Listen Up!

Houston’s Kathryn Hallberg Makes “Lightning” After Six Years Gone

Houston’s Kathryn Hallberg Makes “Lightning” After Six Years Gone
Photo provided by Kathryn Hallberg
Kathryn Hallberg is one of Houston’s best singer-songwriters. It’s been six years since she released her EP Nocturnal, and I figured that she’d hung up her guitar for good. Then out of the blue, I got a note from her that she’d released a new song, “Lightning.” It’s the harbinger of a third EP, Some Dreams, due out probably in the coming months.

I found Hallberg back when I was a baby journo and she was only 14 years old. She came to my attention through Jeffery Armstreet at Red Tree in The Woodlands, where I used to discover all kinds of amazing acoustic acts. Folk Family Revival, Shellee Coley and Armstreet’s own Evangeline are just some of the folkish-rock bands that became some of my favorite Houston musicians.

Even among them, Hallberg stood out despite her age. No Surprise was a mature collection of songs about life and love that simply shined with heart and beauty. Her soft voice and penchant for clever turns of phrase became my go-to album when I needed to soothe a cruel world away. She topped herself by miles when Nocturnal came out. It marked her transition away from strict acoustic into a more alt-rock direction, something she’s continuing with in the new recordings.

“I've felt a lot more free since I've stopped trying to shoe-horn myself into the folk music scene,” says Hallberg. “I love folk, but I'm not a folk artist and I think I always thought I was just because I had an acoustic guitar. I've been embracing the alt-rock I grew up listening to and loving. I'm also listening to more music that is unlike what I make. I love Frank Ocean, SZA, and Kendrick Lamar, they're incredible writers. I've also been really into BROCKHAMPTON. I went to high school with some of those guys, and I love their work ethic and attitude toward being creative. They've done everything themselves and have utilized each person's individual and unique talents to move the whole band forward.”

“Lightning” is the logical progression from her previous work. Hallberg has tended to get darker as she’s aged. She’s always been interested in songs of night, and for all that “Lighting” is a ballad it’s also somewhat desolate. It opens with the lines “the streets are empty and it smells like gasoline / the wind is cutting through my clothes.” There’s a desperate, internal violence to her lyrics that is matched by the post-apocalyptic nature of the recording. She’s a voice in the wilderness, and this song really celebrates her tumultuous life since she moved from Houston.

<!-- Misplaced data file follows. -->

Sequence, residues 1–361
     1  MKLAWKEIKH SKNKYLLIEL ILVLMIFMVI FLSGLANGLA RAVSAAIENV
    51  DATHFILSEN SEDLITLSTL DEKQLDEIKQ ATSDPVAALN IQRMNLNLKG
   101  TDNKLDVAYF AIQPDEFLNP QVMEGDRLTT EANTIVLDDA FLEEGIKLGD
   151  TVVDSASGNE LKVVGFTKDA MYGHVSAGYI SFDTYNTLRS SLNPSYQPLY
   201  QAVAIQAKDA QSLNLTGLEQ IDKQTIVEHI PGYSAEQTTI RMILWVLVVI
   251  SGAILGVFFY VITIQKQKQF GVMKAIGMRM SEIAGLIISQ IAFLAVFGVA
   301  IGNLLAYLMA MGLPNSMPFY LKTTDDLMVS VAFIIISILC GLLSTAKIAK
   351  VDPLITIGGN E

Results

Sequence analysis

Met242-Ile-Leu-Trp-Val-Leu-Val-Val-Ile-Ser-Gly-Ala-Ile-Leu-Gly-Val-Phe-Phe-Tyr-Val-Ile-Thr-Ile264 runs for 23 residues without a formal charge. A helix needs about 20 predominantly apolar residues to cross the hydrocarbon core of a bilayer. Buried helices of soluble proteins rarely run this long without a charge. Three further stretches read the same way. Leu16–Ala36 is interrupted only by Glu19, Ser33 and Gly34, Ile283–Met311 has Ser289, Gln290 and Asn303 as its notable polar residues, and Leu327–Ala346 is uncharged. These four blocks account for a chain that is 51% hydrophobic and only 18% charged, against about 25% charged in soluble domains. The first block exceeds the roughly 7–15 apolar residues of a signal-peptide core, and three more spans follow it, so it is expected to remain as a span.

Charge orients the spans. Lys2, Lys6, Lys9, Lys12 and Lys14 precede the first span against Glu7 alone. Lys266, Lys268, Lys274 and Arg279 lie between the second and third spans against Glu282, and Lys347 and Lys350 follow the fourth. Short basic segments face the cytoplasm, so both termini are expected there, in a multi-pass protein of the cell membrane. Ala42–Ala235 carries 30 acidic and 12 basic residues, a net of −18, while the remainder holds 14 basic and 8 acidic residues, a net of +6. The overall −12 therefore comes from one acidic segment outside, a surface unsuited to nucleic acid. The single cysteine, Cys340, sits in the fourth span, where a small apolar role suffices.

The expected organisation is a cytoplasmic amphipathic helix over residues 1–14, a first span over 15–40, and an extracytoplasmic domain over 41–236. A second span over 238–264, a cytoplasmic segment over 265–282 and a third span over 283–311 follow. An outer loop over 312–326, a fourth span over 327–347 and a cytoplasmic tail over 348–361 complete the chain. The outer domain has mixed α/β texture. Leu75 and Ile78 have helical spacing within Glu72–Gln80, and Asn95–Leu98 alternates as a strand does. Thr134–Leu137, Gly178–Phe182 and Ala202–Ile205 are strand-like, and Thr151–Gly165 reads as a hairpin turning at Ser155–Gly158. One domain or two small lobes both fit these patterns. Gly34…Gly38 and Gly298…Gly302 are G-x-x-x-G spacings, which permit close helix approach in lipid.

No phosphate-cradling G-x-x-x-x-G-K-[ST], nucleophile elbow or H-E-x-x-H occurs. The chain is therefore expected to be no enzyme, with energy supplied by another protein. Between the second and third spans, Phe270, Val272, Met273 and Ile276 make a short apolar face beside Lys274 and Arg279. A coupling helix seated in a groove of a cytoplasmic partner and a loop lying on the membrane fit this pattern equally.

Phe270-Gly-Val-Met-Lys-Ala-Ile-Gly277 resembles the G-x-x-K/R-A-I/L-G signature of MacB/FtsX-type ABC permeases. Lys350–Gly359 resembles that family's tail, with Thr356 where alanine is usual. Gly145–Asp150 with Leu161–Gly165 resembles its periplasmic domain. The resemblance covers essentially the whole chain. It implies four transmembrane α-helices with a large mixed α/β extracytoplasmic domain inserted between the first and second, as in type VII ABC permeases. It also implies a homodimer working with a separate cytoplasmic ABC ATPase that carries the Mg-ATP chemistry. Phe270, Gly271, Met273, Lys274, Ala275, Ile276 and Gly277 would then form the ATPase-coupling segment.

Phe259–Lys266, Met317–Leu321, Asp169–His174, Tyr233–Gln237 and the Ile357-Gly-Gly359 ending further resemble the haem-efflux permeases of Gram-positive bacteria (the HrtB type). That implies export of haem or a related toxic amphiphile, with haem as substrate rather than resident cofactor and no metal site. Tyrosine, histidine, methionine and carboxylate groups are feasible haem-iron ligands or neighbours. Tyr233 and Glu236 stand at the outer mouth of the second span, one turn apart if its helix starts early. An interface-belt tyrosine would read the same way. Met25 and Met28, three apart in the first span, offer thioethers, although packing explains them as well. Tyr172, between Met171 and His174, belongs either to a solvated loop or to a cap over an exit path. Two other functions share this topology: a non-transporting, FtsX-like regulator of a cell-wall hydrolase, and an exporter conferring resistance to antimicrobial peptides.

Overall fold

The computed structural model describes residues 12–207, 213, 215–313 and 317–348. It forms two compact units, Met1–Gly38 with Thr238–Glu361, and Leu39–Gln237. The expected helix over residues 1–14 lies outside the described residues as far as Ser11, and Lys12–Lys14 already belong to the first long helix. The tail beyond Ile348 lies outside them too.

“I didn't go away, I was just living my life,” says Hallberg. “I went to college, I wrote a ton of songs, I fell in love. There was a lot of pressure, so I struggled with intense anxiety which sort of morphed into depression. I graduated and moved from Boston to Nashville, spent a couple years getting settled, and started recording. My depression got worse and became unmanageable, so I started going to therapy. And now I'm here. Feeling a hell of a lot better, in a city I love, with an amazing group of friends around me, six more years of life under my belt, and an EP that I'm really proud of.”

Hallberg is hoping to return to her hometown in January for a show or two. In the meantime, we can enjoy new work from a woman who has never turned in anything but her absolute best. Kathryn Hallberg remains a Houston treasure, and it’s good to hear her voice again here in dark times where her flashes of lightning can illuminate the way.

“Lightning” is available on Spotify, Google Play and Apple Music.
KEEP THE HOUSTON PRESS FREE... Since we started the Houston Press, it has been defined as the free, independent voice of Houston, and we'd like to keep it that way. With local media under siege, it's more important than ever for us to rally support behind funding our local journalism. You can help by participating in our "I Support" program, allowing us to keep offering readers access to our incisive coverage of local news, food and culture with no paywalls.
Jef Rouner is a contributing writer who covers politics, pop culture, social justice, video games, and online behavior. He is often a professional annoyance to the ignorant and hurtful.
Contact: Jef Rouner